|25 Apr 21||Tottenham|| ||-||Man City|
|06 Jan 21||Man United ||0 - 2|| ||Man City|
|05 Jan 21||Tottenham ||2 - 0|| ||Brentford|
|23 Dec 20||Everton ||0 - 2|| ||Man United|
|23 Dec 20||Stoke ||1 - 3|| ||Tottenham|
|22 Dec 20||Arsenal ||1 - 4|| ||Man City|
|22 Dec 20||Brentford ||1 - 0|| ||Newcastle|
|01 Oct 20||Brentford ||3 - 0|| ||Fulham|
|01 Oct 20||Aston Villa ||0 - 1|| ||Stoke|
|01 Oct 20||Liverpool ||0 - 0|| ||Arsenal|
|30 Sep 20||Newport ||1 - 1|| ||Newcastle|
The EFL Cup (referred to historically, and colloquially, as simply the League Cup), currently known as the Carabao Cup for sponsorship reasons, is an annual knockout football competition in men's domestic English football. Organised by the English Football League (EFL), it is open to any club within the top four levels of the English football league system – 92 clubs in total – comprising the top level Premier League, and the three divisions of the English Football League's own league competition (Championship, League One and League Two).
First held in 1960–61 as the Football League Cup, it is one of the three top-tier domestic football competitions in England, alongside the Premier League and FA Cup. It concludes in February, long before the other two, which end in May. It was introduced by the league as a response to the increasing popularity of European football, and to also exert power over the FA. It also took advantage of the roll-out of floodlights, allowing the fixtures to be played as midweek evening games. With the renaming of the Football League as the English Football League in 2016, the tournament was rebranded as the EFL Cup for the 2016–17 season.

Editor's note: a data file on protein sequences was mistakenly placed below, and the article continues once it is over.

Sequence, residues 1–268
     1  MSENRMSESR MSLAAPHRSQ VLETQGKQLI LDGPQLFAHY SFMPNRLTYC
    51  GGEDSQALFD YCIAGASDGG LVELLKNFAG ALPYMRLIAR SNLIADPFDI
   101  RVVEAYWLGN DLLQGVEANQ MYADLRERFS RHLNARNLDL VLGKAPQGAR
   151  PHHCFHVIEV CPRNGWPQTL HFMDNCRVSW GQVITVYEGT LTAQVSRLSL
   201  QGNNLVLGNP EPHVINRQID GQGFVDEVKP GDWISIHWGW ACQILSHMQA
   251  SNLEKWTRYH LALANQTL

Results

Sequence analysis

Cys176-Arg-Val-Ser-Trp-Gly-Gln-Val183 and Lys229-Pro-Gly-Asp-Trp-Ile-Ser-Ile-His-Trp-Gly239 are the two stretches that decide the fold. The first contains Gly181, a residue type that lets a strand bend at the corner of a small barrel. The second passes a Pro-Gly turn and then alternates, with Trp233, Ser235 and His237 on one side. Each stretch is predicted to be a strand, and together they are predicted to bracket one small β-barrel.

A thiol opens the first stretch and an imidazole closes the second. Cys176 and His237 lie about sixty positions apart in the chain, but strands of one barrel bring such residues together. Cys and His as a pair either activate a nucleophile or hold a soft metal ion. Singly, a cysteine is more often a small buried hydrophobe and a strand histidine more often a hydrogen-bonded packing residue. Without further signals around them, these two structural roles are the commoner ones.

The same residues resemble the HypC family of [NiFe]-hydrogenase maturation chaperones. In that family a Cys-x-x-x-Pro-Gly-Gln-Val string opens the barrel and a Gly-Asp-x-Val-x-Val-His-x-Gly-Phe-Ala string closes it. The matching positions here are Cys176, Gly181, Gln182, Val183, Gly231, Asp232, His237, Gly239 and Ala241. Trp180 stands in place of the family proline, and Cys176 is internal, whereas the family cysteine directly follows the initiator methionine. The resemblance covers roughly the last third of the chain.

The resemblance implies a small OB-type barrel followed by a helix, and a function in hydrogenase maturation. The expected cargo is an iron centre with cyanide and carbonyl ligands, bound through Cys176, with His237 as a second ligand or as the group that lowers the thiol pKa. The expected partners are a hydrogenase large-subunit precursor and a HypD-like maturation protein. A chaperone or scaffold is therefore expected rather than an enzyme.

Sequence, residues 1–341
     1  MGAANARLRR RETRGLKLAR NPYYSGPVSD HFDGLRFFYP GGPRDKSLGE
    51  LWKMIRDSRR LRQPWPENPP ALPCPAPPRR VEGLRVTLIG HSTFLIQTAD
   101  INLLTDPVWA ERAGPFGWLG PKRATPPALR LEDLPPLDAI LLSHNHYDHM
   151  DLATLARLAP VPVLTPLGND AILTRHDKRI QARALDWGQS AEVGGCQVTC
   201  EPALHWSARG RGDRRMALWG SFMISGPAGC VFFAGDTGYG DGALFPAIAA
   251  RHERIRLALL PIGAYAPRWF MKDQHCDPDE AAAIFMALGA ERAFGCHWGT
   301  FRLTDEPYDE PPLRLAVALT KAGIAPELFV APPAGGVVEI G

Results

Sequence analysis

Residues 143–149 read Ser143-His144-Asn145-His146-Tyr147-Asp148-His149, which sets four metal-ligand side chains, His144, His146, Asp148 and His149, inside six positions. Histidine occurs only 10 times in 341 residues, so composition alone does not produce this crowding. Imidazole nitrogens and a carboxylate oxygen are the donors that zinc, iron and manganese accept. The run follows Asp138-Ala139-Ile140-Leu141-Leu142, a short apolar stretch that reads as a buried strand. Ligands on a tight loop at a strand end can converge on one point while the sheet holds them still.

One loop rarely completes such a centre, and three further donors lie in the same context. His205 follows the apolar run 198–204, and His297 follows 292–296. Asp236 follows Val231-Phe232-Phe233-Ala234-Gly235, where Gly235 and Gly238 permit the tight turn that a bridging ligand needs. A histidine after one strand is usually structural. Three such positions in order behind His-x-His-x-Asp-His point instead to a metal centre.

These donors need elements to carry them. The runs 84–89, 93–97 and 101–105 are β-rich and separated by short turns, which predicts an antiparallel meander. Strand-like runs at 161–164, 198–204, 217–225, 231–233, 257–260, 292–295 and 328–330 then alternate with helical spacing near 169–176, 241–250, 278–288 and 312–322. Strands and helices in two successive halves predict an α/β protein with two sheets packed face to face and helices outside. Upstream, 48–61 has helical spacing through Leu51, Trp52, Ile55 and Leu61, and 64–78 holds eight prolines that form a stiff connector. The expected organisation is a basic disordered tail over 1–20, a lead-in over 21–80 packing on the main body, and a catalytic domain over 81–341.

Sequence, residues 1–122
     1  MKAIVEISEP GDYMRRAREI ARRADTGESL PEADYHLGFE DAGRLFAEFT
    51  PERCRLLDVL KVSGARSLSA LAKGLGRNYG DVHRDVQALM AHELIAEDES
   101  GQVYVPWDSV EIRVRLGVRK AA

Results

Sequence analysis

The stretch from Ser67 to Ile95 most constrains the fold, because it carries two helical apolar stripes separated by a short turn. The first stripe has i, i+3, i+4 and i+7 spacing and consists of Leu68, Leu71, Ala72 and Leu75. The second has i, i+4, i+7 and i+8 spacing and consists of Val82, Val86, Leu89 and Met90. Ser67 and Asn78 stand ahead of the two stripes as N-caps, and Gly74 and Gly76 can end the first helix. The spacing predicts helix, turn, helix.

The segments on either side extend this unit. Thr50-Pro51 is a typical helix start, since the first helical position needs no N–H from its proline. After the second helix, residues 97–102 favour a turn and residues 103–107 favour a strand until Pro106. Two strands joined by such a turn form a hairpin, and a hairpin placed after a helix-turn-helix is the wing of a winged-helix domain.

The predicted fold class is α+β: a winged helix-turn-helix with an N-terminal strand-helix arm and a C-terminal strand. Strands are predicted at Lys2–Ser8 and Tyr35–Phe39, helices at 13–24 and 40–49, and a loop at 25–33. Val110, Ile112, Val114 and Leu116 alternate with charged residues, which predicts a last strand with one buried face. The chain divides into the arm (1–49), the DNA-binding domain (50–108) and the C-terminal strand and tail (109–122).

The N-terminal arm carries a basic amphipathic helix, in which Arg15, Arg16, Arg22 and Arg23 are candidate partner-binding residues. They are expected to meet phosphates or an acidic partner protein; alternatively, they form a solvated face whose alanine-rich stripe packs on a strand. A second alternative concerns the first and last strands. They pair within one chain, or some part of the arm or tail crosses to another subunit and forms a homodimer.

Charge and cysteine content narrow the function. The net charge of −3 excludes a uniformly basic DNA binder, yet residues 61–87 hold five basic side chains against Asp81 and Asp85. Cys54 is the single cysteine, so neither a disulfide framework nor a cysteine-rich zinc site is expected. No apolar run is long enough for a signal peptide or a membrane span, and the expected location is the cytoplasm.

The tournament is played over seven rounds, with single leg ties throughout, except the semi-finals. The final is held at Wembley Stadium; it is the only tie in the competition played at a neutral venue and on a weekend (Sunday). Entrants are seeded in the early rounds, and a system of byes based on league level ensures higher ranked teams enter in later rounds, and to defer the entry of teams still involved in Europe. Winners receive the EFL Cup, of which there have been three designs, the current one also being the original. Winners also qualify for European football, receiving a place in the UEFA Europa League; should the winner also qualify for Europe through other means at the end of the season, this place is transferred to the highest-placed Premier League team not already qualified for European competition. The current holders are Manchester City, who beat Chelsea 4–3 on penalties in the 2019 final to win their sixth League Cup.
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